A sense of involvement, and of urgency to films which push diversity is almost inevitable.

There’s also the question of originality.

“What I think is really important is that I do believe that we’re looking for different narratives. We haven’t been part of the status quo in a way and – I’m talking about myself – I just want to be part of something else,” says Beristáin. Her “Noise” weaves near documentary elements – a San Luis Potosí abduction fiction search party made up of its real life members – and dream-like sequences, capturing Julia’s sense of rage, impotence and some kind of hope.

Likewise, Xun Sero sees “Mom” as cliché busting. “The image of Indigenous people for many years have been of pain, sadness, suffering.”

He adds: “Women suffer from machista violence, yes. But it’s experienced in different ways and my mother had the strength to rise above her circumstances like other women all over the world.” In this sense, the film “recognizes the diversity of people on this planet.”

The best of Mexico’s community, Indigenous or Black Mexican movies are, moreover, no anthropological snore fests, but sophisticated and entertaining works of art.

In “Mom,” working through filmed conversations between the filmmaker and his mum and narrative voice over, Sero deftly delays a full reveal of his mother’s achievement, and how she got there, plus the collateral damage: His memory of childhood, he confesses in the film, is of his brother and him being left alone as his mother looked for work.

“They Made Its the Night” lifts off scene-setting, with a multi-layered soundtrack and energetic editing, even in the most banal of settings, – a farmyard scene for instance –  proving a sensual delight.

Spirited doc feature “Negra” turns on what it means to be Black in Mexico today. It kicks off with the Black upper-class protagonist asking a street vendor if there any Black people in Mexico. “Down on the Costa Chica,” he replies, diplomatically – but his diplomacy is a form of racism, declining to point out that his questioner is Black herself.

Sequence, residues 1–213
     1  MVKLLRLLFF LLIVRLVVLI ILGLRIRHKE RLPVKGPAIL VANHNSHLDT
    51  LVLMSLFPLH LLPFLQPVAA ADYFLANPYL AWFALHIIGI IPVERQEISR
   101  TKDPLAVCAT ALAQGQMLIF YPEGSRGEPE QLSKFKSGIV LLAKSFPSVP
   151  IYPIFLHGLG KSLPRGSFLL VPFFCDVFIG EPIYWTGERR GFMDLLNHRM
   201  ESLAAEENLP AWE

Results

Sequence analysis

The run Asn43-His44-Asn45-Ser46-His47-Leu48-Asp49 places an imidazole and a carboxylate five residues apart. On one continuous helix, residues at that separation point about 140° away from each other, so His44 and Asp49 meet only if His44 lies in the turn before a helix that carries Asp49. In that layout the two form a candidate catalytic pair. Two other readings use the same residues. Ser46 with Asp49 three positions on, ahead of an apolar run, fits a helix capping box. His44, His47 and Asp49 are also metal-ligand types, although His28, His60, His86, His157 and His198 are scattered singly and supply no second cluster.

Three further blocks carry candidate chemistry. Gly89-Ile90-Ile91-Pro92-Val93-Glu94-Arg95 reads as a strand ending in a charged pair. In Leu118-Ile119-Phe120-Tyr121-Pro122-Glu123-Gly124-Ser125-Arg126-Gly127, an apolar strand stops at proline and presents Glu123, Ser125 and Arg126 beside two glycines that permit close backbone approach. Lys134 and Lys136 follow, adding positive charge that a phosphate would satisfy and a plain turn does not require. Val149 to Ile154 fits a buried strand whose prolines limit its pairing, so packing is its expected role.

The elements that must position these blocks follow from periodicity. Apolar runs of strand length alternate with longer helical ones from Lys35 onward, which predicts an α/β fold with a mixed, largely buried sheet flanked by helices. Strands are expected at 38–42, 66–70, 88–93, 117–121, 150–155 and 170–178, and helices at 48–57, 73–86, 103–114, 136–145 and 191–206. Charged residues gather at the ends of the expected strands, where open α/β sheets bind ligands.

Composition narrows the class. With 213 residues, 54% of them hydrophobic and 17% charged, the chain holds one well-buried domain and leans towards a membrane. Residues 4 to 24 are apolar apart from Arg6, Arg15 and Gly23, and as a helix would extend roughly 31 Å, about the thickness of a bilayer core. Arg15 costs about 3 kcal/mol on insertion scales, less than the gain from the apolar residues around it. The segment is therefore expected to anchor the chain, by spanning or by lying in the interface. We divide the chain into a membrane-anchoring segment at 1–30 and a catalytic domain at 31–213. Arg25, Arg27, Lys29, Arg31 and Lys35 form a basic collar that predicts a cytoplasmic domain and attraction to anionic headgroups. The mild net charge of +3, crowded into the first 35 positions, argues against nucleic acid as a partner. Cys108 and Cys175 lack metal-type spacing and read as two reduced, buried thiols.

In “Huesera,” Michelle Garza Cervera subverts one of the basic tenets of genre to telling effect, underscoring that the real horror for the protagonist, a married mother-to-be, lies elsewhere.

Mexico still has a lot of ground to make up. Features directed by women spiked 50% in 2021 to a remarkable 66, 50% up on the 2017-19 average. That figure, however, still represents just 25% of the 256 Mexican movies classified last year, driven by a slew of debuts and docs.  

Sero resists calling his film “Indigenous.” “It’s Tzotzil. Cinema for me is a tool which helps me in our native peoples’ struggle for recognition of their roots and richness of their cultures, which is my case are Mayan Tzotzil.”

The latest Pride march was the biggest in history, emblazoned by  marketing from big corporate brands supported by the government, Yet, “there wasn’t one call for justice after the murder of trans victims just a few weeks before, or demands for more [subsidized] antiretroviral medicines,” Santamaría recalls. “There’s an opportunity to make films which impact the broadest of audiences, but total inclusion has yet to happen,” he adds.